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“My friends have been very positive, full of encouragement, and have accepted my disability, and treated me just like everyone else,” Beth said.
At the high school, her friend Jackie bumped her manual wheelchair down two wide steps in the music room. One day, a small wheel turned sideways. After the girls tumbled to the floor, they burst out laughing. Beth, 14 years old, described the scene soon after it happened.
“My choir teacher pretty much freaked out at first and he got me back into my chair really fast. It was funny!”
The concerned choir director offered to change where Beth sat to avoid the steps, but she declined. Like Ben and Maria, she had inherited perfect pitch, probably from their grandmothers who had sung for weddings in times gone by. During my recent trips to volleyball tournaments, long drives, I loved how my girls had belted out their favorite songs with the radio. After the accident, Beth’s lung capacity limited the strength of her voice, but not her love of music and singing.
I drove Beth to Green Springs three times a week after school. The physical therapists reminded my tired and pale daughter to take care of herself. She wasn’t getting enough sleep. By the time we arrived home on therapy days and ate a late dinner, the evenings barely allowed for the extra time needed for routine tasks like showering and too much homework. Marathon days for a newly injured teenager with quadriplegia. I struggled to keep up, too: bone-tired, hurting, and deeply sad.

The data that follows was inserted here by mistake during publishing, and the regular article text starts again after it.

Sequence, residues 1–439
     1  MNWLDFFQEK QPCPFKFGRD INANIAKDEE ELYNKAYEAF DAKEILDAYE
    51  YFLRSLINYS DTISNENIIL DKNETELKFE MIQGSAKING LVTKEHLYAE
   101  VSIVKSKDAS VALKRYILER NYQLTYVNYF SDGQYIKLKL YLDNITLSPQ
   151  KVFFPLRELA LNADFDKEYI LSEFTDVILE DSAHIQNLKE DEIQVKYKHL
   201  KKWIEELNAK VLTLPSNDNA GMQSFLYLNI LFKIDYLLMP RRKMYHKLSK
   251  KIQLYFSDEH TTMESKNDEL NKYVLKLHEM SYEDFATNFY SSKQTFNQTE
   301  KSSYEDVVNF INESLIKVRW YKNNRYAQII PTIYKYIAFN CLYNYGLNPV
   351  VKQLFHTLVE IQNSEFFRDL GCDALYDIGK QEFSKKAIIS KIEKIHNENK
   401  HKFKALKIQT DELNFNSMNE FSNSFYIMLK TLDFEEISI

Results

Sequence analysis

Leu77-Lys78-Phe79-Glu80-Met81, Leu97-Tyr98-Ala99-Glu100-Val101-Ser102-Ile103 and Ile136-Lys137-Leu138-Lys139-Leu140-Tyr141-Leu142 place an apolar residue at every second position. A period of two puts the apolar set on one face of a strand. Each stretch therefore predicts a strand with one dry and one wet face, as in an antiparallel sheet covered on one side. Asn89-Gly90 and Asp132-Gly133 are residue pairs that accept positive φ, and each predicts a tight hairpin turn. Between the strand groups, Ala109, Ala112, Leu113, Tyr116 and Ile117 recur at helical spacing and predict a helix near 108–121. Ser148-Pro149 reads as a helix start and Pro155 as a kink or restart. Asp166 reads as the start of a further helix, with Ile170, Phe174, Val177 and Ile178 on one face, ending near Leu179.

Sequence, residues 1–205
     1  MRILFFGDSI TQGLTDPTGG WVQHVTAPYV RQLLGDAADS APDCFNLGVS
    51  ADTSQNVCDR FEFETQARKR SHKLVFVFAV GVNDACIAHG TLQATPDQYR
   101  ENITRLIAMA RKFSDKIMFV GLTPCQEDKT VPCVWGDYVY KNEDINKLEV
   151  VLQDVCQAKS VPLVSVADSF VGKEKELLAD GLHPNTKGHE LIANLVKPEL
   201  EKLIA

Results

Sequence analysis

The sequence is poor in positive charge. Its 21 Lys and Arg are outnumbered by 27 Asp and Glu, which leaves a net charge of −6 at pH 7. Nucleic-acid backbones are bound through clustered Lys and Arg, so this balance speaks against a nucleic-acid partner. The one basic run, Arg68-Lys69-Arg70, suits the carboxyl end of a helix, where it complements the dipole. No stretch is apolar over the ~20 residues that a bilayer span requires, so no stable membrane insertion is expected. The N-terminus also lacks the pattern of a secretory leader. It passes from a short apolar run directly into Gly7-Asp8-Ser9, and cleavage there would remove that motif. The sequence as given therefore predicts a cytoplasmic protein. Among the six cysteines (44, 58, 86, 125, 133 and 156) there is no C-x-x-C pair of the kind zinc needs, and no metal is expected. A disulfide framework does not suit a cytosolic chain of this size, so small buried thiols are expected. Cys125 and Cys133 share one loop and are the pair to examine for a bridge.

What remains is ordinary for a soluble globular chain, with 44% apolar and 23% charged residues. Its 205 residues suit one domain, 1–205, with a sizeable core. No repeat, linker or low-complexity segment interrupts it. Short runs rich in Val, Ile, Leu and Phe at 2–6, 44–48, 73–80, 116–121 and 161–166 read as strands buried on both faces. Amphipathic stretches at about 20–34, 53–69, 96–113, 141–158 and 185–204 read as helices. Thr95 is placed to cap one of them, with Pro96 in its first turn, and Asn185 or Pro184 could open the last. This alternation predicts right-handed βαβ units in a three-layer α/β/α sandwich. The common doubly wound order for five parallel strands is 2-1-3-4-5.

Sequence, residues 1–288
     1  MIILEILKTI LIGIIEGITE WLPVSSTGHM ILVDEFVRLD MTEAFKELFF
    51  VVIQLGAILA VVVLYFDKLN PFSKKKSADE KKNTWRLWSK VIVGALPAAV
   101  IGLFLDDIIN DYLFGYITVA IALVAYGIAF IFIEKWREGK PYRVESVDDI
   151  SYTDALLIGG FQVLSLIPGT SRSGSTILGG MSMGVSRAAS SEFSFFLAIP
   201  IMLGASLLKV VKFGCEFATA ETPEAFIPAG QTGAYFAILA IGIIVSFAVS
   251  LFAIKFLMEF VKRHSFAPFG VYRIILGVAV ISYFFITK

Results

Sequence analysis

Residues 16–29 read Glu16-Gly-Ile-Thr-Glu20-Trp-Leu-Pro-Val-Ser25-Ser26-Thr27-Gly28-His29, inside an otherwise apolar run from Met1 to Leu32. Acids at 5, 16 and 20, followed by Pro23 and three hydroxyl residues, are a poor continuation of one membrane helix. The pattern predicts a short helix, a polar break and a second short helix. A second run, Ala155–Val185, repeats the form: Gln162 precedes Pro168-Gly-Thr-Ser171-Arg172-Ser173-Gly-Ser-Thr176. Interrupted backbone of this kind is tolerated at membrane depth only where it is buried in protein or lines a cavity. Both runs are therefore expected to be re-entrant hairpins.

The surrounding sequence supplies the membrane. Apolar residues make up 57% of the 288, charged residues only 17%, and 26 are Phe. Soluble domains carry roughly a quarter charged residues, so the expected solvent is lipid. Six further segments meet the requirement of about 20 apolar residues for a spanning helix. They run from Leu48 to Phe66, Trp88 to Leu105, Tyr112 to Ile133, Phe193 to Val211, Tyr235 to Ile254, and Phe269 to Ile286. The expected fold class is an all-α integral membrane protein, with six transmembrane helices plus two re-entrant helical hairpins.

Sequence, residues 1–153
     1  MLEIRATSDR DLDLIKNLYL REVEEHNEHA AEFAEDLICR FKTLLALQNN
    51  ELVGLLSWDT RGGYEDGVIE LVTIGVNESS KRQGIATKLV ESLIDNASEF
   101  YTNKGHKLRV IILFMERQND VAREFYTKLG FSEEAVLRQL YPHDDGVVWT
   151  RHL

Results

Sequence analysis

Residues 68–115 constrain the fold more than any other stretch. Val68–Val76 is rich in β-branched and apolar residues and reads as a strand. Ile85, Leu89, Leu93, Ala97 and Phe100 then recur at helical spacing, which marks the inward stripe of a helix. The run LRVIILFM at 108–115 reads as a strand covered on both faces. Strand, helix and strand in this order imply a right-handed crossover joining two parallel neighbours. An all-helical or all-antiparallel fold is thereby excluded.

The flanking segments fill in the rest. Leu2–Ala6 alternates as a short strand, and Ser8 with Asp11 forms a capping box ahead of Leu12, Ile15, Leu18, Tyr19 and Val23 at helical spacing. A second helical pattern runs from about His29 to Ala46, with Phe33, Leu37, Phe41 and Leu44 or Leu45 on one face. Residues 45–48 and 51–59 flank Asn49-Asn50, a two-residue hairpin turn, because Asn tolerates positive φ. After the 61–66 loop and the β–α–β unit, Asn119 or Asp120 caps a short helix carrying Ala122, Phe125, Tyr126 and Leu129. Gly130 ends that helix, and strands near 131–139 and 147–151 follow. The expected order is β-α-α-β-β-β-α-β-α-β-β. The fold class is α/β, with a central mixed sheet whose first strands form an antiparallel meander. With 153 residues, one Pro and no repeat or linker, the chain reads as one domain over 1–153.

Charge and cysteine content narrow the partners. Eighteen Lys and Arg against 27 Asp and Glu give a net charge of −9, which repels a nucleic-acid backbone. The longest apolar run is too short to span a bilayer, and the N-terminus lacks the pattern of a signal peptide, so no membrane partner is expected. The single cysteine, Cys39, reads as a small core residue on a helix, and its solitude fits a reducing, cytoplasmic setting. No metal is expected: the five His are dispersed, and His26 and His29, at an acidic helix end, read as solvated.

Laraine asked us to help with a teaching seminar for therapists, the first of many, on a Saturday.
“I call on Beth to talk to newly-injured spinal cord patients,” Laraine said. “Her skills inspire them and her attitude is positive and motivating.”
One of the therapists asked me what they could do to support parents. I responded that taking good care of our children was the best gift. I didn’t try to explain my tunnel vision, with no light at the end. At that point, I wanted to have hope, but I couldn’t see past my guilt. The therapists also had questions for Beth.
“Most people dread hospitals and hate them. I don’t,” she said.
“I have met many great people in hospitals. The St. Francis Rehab Hospital is my second home and my physical therapists are like family. Some may look back on my initial days at St. Vincents with depression and grief, but my experience was positive, except maybe the first day. To me, hospitals are not places of sadness.“
For the main part of the teaching seminar, Beth followed the initial steps of every workout and struggled to get on the mat table. Her favorite therapist assisted and described the muscle mechanics of the exercises.
“Beth still faces many new challenges,” Laraine said. “I know she is up to the task.”
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